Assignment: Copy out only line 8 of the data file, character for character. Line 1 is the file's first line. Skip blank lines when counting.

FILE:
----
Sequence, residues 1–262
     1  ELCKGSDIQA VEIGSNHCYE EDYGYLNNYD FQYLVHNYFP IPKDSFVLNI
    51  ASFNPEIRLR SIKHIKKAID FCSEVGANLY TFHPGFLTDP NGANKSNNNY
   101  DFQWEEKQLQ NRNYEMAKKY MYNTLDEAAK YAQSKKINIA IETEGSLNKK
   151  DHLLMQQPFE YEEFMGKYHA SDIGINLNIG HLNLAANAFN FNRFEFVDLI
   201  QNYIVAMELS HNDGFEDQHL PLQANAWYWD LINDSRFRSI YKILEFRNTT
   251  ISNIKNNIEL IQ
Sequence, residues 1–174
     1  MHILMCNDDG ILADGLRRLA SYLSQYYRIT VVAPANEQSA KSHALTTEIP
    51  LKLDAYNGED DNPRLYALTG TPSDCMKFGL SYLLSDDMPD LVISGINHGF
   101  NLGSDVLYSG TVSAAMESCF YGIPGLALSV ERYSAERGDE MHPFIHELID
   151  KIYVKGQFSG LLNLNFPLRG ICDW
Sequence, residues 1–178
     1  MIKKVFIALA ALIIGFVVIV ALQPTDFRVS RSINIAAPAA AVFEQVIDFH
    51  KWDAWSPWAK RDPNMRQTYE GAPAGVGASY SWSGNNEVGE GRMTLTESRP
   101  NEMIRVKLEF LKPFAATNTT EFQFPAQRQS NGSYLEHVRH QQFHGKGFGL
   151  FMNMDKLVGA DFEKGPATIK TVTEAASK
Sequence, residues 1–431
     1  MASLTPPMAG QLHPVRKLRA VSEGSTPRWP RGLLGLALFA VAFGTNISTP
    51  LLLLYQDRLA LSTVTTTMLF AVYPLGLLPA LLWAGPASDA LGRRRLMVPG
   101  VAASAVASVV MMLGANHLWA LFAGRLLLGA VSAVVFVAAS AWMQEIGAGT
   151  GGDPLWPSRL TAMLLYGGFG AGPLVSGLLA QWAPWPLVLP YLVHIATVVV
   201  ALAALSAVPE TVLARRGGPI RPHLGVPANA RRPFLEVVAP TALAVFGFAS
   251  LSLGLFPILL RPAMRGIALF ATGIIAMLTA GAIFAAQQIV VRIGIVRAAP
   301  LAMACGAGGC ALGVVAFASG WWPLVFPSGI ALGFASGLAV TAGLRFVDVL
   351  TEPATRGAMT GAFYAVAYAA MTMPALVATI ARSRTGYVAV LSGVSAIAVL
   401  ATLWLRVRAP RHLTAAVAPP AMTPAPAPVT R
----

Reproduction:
Sequence, residues 1–174